The onset of COVID-19 caused prices to soar even higher: lumber prices rose to all-time highs, up 130% last fall. They took a small dip after that point, only to begin climbing again. As of the beginning of March, the price of lumber was up 188% since the onset of the pandemic!
To give you an idea of how much the price of lumber rose in 2020, take a look at these numbers:
- OSB plywood prices rose 78% last year, with overall plywood prices up 61%
- Spruce went up 50%
- Pressure-treated lumber was up 250% at one point last year!
What’s more, in some cases lumber shortages have caused builders to send trucks out of state in search of building materials they can’t find locally, further increasing building costs.
Housing Costs Are Up
The increased cost of lumber raised the cost of new construction housing by an average of more than $24,000 per home. But it seems that, at least so far, homebuyers have been willing to pay the higher prices, as the housing market has remained strong. During the height of the 2020 building season, between May and July, new home construction was up 17%. This was still below 2019 numbers, but very strong considering the pandemic. And the beginning of 2021 had new home construction numbers at their highest rate in a decade!
The continued strength of the housing market is likely in large part because mortgage rates have remained at all-time lows, so buyers are able to spend more than they otherwise could.
The Future of Lumber Pricing and Availability
In general, the price of lumber is expected to go down as the pandemic eases. But how quickly prices drop is still up in the air. For prices to go down, several things need to happen:
- Lumber production in the U.S. needs to increase to cover the lost supply from Canada (due to tariffs)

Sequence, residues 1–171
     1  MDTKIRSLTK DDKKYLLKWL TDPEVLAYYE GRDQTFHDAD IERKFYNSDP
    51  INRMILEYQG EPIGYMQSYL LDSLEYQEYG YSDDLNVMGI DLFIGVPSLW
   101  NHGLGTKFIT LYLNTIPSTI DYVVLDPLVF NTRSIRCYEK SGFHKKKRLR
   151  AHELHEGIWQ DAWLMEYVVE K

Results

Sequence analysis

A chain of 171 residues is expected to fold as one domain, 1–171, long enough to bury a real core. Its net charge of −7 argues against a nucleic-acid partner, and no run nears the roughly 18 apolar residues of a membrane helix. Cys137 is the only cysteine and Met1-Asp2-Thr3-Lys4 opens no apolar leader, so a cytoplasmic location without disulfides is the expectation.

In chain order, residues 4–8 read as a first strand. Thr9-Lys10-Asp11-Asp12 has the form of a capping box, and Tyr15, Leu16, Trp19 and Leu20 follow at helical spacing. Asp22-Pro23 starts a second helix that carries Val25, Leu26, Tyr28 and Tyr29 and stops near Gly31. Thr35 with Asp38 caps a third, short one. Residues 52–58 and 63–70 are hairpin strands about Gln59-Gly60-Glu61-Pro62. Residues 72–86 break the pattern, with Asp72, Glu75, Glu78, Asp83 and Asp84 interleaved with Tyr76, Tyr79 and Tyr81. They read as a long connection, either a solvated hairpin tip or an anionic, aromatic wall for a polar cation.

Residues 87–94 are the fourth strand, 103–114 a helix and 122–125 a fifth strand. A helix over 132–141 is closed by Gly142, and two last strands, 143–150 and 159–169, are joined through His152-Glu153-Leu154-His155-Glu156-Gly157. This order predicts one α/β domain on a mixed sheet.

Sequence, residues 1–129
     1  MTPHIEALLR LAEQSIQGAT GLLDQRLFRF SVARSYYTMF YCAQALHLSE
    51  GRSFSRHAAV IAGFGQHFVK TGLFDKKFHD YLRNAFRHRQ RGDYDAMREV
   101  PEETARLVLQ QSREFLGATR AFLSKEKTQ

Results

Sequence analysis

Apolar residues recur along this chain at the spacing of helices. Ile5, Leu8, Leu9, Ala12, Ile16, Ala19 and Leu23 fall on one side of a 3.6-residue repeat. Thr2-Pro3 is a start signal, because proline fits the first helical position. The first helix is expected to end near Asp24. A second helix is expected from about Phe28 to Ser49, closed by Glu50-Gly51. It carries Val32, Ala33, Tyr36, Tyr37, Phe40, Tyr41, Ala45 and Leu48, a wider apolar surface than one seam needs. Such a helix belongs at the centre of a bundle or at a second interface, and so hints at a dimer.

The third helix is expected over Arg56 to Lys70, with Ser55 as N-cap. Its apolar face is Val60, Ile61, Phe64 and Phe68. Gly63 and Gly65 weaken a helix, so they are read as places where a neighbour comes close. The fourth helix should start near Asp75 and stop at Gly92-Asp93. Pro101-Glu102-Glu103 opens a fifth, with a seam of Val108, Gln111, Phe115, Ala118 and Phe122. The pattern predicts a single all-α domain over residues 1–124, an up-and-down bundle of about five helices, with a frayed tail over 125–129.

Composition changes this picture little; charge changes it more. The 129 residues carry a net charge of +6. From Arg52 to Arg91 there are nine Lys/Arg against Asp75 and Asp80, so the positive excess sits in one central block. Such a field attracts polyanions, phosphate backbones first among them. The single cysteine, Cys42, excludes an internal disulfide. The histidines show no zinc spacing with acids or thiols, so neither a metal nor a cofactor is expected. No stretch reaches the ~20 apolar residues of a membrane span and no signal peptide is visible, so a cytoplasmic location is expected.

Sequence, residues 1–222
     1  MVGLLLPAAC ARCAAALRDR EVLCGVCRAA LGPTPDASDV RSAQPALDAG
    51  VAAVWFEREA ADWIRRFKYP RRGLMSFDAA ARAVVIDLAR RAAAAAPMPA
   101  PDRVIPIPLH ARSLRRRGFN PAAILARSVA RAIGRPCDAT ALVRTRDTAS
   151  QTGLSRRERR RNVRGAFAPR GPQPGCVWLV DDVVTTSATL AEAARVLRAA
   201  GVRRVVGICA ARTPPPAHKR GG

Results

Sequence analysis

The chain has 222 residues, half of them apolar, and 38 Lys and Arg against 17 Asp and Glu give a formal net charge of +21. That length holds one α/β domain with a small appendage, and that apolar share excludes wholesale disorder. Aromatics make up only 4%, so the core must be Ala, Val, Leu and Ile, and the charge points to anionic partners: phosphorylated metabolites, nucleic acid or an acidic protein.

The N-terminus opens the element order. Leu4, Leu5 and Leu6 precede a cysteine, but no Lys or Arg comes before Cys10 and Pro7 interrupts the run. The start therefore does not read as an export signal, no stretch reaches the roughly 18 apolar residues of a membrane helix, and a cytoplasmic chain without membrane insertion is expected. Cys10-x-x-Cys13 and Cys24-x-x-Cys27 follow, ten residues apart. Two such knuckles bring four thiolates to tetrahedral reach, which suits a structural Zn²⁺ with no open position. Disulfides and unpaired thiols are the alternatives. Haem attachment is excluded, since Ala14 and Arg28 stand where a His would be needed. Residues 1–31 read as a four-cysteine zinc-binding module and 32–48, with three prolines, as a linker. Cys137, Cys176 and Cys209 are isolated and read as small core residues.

- Shutdowns in the lumber industry need to come to an end (the vaccine rollout and a slowdown of new COVID-19 cases will help make this happen), and
- Timber producers will need to ramp up production to help bring prices down.
At the end of 2020, the Commerce Department decided to reduce tariffs on Canadian lumber, in the hopes of providing some relief and bringing prices down. The timing of the rest depends largely on when the pandemic ends and life returns to normal. The rollout of the COVID-19 vaccines is a major step toward that goal, but it could still be months before any major changes to lumber prices are seen.
Until then, we can expect that lumber prices will remain high and shortages will continue.
What Does This Mean for My Deck Project?
This doesn’t necessarily mean that a new deck is out of the question for you. Here at Outdoor Solutions we offer a variety of decking options, including composite decking, and plastic lumbar. We can help you find the right decking for your project and budget, even in the midst of a lumber shortage and increasing costs.
Spring is one of the best times of the year to build your deck, and our calendar is filling up. Now is the time to get on our schedule! If you are considering a new deck in 2021, contact us today to discuss your options.